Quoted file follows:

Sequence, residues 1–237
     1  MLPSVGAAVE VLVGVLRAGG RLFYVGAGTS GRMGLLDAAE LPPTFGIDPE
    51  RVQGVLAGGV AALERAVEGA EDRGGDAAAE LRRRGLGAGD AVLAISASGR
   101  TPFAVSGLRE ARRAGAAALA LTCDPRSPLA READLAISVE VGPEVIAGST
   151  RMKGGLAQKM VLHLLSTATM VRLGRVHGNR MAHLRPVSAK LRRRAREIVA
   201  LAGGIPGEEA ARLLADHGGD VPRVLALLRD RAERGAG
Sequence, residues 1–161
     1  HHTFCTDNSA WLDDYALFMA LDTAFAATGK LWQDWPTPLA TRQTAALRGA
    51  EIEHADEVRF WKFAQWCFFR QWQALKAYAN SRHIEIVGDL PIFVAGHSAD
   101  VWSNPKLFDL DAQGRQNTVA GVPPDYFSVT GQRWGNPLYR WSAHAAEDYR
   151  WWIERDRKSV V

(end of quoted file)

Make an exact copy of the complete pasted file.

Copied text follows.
Sequence, residues 1–237
     1  MLPSVGAAVE VLVGVLRAGG RLFYVGAGTS GRMGLLDAAE LPPTFGIDPE
    51  RVQGVLAGGV AALERAVEGA EDRGGDAAAE LRRRGLGAGD AVLAISASGR
   101  TPFAVSGLRE ARRAGAAALA LTCDPRSPLA READLAISVE VGPEVIAGST
   151  RMKGGLAQKM VLHLLSTATM VRLGRVHGNR MAHLRPVSAK LRRRAREIVA
   201  LAGGIPGEEA ARLLADHGGD VPRVLALLRD RAERGAG
Sequence, residues 1–161
     1  HHTFCTDNSA WLDDYALFMA LDTAFAATGK LWQDWPTPLA TRQTAALRGA
    51  EIEHADEVRF WKFAQWCFFR QWQALKAYAN SRHIEIVGDL PIFVAGHSAD
   101  VWSNPKLFDL DAQGRQNTVA GVPPDYFSVT GQRWGNPLYR WSAHAAEDYR
   151  WWIERDRKSV V